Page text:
Poverty persists, however, among farmers with small holdings, on poor land, particularly in many parts of the west and south. These farmers, who to survive must rely more on subsistence crops and mixed farming than do their more commercial neighbors, involve all family members in a variety of economic strategies. These activities include off-farm wage labor and the acquisition of state pensions and unemployment benefits "the dole".

Land Tenure and Property. Ireland was one of the first countries in Europe in which peasants could purchase their landholdings. Today all but a very few farms are family-owned, although some mountain pasture and bog lands are held in common. Cooperatives are principally production and marketing enterprises. An annually changing proportion of pasture and arable land is leased out each year, usually for an eleven-month period, in a traditional system known as conacre.

The main industries are food products, brewing, textiles, clothing, and pharmaceuticals, and Ireland is fast becoming known for its roles in the development and design of information technologies and financial support services. In agriculture the main products are meat and dairy, potatoes, sugar beets, barley, wheat, and turnips. The fishing industry concentrates on cod, haddock, herring, mackerel, and shellfish crab and lobster.

Ireland had a consistent trade surplus at the end of the s. In farming, daily and seasonal tasks are divided according to age and gender. Most public activities that deal with farm production are handled by adult males, although some agricultural production associated with the domestic household, such as eggs and honey, are marketed by adult females. Neighbors often help each other with their labor or equipment when seasonal production demands, and this network of local support is sustained through ties of marriage, religion and church, education, political party, and sports.

While in the past most blue-collar and wage-labor jobs were held by males, women have increasingly entered the workforce over the last generation, especially in tourism, sales, and information and financial services.

Wages and salaries are consistently lower for women, and employment in the tourism industry is often seasonal or temporary. There are very few legal age or gender restrictions to entering professions, but here too men dominate in numbers if not also in influence and control.

Roma Culture: Customs, Traditions & Beliefs

Irish economic policy has encouraged foreign-owned businesses, as one way to inject capital into underdeveloped parts of the country. Social Stratification Classes and Castes. The Irish often perceive that their culture is set off from their neighbors by its egalitarianism, reciprocity, and informality, wherein strangers do not wait for introductions to converse, the first name is quickly adopted in business and professional discourse, and the sharing of food, tools, and other valuables is commonplace.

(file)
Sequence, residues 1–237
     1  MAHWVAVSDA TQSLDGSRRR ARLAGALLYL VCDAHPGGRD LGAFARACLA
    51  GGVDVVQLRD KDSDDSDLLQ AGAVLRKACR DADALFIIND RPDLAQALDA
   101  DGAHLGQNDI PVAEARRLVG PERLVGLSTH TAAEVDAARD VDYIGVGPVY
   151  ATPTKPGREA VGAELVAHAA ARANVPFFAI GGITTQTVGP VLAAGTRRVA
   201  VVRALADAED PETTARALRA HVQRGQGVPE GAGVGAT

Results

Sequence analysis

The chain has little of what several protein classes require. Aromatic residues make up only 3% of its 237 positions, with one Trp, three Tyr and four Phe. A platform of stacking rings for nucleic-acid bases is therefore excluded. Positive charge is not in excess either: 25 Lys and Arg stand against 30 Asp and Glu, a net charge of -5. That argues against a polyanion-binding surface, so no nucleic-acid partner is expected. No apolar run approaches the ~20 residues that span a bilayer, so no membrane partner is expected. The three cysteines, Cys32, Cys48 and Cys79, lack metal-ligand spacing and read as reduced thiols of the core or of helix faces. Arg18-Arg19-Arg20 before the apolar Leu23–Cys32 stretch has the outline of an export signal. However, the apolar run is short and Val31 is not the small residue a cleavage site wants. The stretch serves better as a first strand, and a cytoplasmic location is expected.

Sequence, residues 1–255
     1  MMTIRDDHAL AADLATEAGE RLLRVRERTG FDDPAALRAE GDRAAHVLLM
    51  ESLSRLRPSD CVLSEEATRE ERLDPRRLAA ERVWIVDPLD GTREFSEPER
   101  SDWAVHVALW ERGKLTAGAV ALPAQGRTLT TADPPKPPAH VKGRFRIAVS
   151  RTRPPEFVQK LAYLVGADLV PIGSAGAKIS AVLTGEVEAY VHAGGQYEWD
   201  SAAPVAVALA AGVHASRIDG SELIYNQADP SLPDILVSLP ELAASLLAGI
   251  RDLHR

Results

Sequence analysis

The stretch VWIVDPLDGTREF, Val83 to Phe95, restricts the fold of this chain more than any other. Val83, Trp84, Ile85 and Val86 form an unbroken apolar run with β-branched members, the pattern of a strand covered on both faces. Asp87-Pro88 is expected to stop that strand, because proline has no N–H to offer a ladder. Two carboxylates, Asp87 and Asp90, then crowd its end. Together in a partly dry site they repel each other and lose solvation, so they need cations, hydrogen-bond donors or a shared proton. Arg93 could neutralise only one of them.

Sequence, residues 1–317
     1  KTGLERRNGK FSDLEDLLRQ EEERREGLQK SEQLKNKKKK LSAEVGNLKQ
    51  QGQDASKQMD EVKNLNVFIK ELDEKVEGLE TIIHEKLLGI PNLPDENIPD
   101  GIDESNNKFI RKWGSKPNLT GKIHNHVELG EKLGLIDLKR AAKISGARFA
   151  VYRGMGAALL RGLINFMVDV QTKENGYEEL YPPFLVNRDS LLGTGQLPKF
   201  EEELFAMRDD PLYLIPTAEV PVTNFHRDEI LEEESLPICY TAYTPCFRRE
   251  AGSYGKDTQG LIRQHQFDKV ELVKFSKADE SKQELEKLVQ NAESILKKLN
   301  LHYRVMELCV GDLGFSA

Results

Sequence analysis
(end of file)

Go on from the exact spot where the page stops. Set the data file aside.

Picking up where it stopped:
These leveling mechanisms alleviate many pressures engendered by class relations, and often belie rather strong divisions of status, prestige, class, and national identity. While the rigid class structure for which the English are renowned is largely absent, social and economic class distinctions exist, and are often reproduced through educational and religious institutions, and the professions.

The old British and Anglo-Irish aristocracy are small in number and relatively powerless. They have been replaced at the apex of Irish society by the wealthy, many of whom have made their fortunes in business and professions, and by celebrities from the arts and sports worlds. Social classes are discussed in terms of working class, middle class, and gentry, with certain occupations, such as farmers, often categorized according to their wealth, such as large and small farmers, grouped according to the size of their landholding and capital.

The social boundaries between these groups are often indistinct and permeable, but their basic dimensions are clearly discernible to locals through dress, language, conspicuous consumption, leisure activities, social networks, and occupation and profession. Relative wealth and social class also influence life choices, perhaps the most important being that of primary and secondary school, and university, which in turn affects one's class mobility.

Some minority groups, such as Travellers, are often portrayed in popular culture as being outside or beneath the accepted social class system, making escape from the underclass as difficult for them as for the long-term unemployed of the inner cities.